Politics

Hold the Victory Party for Senate Democrats

The recent notion that Democrats will hold the Senate might be wrong. Here’s why some Democratic strategists are nervous.

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By Blake Hounshell

It has recently become conventional wisdom that Democrats have a pretty good chance of clinging to the Senate — despite a national political environment that has looked dire for their party throughout most of this year.

I’ve written about this a fair bit myself. And even Mitch McConnell, the once and possibly future Senate majority leader, has taken to complaining lately that Republicans have a “candidate quality” problem.

McConnell’s deputies use other words in private that cannot be printed here — a reflection, in part, of the tensions between his camp and the network around Senator Rick Scott of Florida, who is officially running the G.O.P.’s Senate campaign efforts. In the view of McConnell’s team, it should be Scott’s responsibility to clear the field of fringe candidates who can’t win general elections, and he failed to do so in many of the biggest Senate races. Adding to those tensions is the fact that Donald Trump has openly feuded with McConnell and threatened to muscle him out of the role of Senate leader in favor of Scott.

So when McConnell complains about “candidate quality,” he’s also taking a shot at his own rival, Scott.

With those caveats out of the way, let me say this: Republicans might very well do better than the pundits expect. And that is keeping some Democratic strategists up at night.

This is true for two main reasons: a flood of outside money that is about to hit the airwaves on Republicans’ behalf, and polling that indicates that the political environment remains a problem for Democratic candidates, despite their party’s recent string of accomplishments.

First, the money

Senate Democrats have been able to outspend and out-fund-raise Republicans so far this year.

That’s partly a function of incumbency. G.O.P. candidates have spent the bulk of their money and energy attacking one another and vying for Trump’s favor, and Democrats have well-established email lists and national infrastructure to support them.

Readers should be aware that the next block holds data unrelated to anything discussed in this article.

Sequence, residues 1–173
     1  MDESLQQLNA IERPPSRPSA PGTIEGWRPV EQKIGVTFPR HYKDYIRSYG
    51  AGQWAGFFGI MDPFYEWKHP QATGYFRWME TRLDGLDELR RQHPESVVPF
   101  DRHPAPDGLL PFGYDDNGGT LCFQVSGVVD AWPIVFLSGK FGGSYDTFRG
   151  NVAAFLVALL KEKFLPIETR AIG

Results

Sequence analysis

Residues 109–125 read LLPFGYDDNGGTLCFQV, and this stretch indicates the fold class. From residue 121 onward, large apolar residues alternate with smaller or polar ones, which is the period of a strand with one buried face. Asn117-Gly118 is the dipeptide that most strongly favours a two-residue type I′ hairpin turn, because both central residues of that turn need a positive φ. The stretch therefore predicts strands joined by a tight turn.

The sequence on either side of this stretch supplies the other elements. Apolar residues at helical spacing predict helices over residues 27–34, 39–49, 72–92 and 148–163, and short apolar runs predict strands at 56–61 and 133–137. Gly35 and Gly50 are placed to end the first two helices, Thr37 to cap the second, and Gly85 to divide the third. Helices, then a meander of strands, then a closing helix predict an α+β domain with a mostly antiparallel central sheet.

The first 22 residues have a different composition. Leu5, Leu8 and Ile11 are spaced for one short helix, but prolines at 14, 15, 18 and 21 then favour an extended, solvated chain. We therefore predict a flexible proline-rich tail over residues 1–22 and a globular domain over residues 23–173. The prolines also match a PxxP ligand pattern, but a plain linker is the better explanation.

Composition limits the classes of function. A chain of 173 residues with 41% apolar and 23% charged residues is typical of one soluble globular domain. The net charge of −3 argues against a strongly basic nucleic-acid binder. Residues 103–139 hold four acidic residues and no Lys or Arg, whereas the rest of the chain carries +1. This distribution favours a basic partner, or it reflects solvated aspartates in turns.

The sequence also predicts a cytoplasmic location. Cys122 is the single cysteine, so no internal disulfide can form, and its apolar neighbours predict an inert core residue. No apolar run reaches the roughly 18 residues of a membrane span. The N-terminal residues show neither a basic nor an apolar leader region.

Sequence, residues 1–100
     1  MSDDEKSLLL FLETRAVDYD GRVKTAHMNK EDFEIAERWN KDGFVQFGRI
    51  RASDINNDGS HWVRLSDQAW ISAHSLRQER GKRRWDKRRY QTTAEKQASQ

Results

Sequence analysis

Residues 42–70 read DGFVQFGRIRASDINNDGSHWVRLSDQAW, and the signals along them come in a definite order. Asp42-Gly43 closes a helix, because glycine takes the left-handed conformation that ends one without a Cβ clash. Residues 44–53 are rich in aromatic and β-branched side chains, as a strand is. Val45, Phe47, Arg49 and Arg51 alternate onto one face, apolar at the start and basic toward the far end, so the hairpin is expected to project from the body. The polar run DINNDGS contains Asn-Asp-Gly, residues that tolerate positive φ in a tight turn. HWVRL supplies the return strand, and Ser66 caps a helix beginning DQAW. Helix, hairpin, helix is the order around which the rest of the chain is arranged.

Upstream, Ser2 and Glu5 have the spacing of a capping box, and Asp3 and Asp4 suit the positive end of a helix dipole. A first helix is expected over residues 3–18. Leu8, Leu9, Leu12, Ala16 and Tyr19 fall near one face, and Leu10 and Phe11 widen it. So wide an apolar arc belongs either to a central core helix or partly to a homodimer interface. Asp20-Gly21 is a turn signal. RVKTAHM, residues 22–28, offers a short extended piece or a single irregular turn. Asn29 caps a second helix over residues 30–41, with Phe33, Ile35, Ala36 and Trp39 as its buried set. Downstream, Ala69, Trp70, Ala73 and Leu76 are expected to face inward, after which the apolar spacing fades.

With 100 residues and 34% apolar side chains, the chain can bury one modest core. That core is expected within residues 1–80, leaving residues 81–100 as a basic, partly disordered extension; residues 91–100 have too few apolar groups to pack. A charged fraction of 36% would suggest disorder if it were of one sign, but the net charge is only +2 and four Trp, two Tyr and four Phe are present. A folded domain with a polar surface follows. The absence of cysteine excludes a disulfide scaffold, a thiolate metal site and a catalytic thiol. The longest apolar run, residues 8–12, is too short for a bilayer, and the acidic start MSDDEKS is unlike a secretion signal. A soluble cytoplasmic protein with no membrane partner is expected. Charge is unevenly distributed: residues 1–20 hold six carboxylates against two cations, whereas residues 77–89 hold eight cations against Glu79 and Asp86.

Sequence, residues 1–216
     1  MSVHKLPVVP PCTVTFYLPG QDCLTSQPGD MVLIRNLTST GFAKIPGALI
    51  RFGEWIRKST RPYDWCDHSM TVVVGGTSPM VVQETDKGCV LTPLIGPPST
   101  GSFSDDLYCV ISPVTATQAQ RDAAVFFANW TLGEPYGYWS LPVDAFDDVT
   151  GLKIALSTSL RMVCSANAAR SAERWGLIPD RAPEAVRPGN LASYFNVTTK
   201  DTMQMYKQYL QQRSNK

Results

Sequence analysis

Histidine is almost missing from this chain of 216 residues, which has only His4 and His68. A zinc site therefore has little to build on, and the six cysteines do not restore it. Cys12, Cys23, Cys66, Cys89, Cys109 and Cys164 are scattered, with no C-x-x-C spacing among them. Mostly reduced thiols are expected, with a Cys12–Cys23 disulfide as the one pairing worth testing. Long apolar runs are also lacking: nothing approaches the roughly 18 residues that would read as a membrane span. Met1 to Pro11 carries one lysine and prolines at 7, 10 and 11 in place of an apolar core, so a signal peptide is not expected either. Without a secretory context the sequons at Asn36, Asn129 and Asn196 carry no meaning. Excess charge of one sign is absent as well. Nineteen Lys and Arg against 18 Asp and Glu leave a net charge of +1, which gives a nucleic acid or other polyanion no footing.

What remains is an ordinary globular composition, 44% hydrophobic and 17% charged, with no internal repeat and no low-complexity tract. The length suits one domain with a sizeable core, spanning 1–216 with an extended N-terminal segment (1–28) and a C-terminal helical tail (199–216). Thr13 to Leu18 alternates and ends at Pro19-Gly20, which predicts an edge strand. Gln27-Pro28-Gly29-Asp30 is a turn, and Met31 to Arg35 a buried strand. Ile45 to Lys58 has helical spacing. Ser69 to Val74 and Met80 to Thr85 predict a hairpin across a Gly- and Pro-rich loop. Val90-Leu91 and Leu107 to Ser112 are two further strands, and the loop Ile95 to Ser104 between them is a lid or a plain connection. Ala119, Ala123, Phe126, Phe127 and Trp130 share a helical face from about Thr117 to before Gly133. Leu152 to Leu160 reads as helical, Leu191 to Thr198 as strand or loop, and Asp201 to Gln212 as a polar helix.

With the primaries wrapping up, however, that’s about to change in a big way. Outside groups are tooling up tens of millions of dollars in ad spending on behalf of Republican candidates, according to public reports. And television advertising still matters a great deal with the older voters who traditionally dominate midterm elections.

There’s the Senate Leadership Fund, a group close to McConnell, which has announced $141 million in advertising reservations. That compares with just $106 million announced by Senate Majority PAC, the counterpart on the Democratic side.

Already, the leadership fund has ramped up its spending in key states, adding more than $9 million in spending in Georgia, $20 million in Ohio and at least $1 million in Pennsylvania.

Another group affiliated with McConnell, One Nation, lifted its spending by nearly $2.6 million in Georgia, $1.24 million in Wisconsin and a little over a quarter-million dollars in Nevada.

Outside conservative groups are flush with cash, too, with the Senate Leadership Fund reporting $104 million on hand as of late June. In contrast, the liberal Senate Majority PAC is wheezing a bit, reporting just $72 million cash on hand as of late July.

Raising money outside the official campaign apparatus has frequently been an advantage for Republicans, who tend to have a much easier time enticing single megadonors to cut large checks. Democrats have plenty of megadonors of their own, of course. But liberal funders are often pulled in multiple directions, driven by causes like climate change, women’s rights or L.G.B.T.Q. issues rather than electoral politics.

Whether Republicans will see their usual monetary advantage is more in question this time. In the past, Republicans have relied on individual billionaires like Sheldon Adelson and the Koch brothers to bankroll super PACs and other kinds of groups. But Adelson died in 2021, and his wife, Miriam, has not indicated the same level of interest in financing politics. The Koch brothers have loudly declared that they are no longer as engaged in donating to political campaigns and would prefer to work on issues like criminal justice reform.

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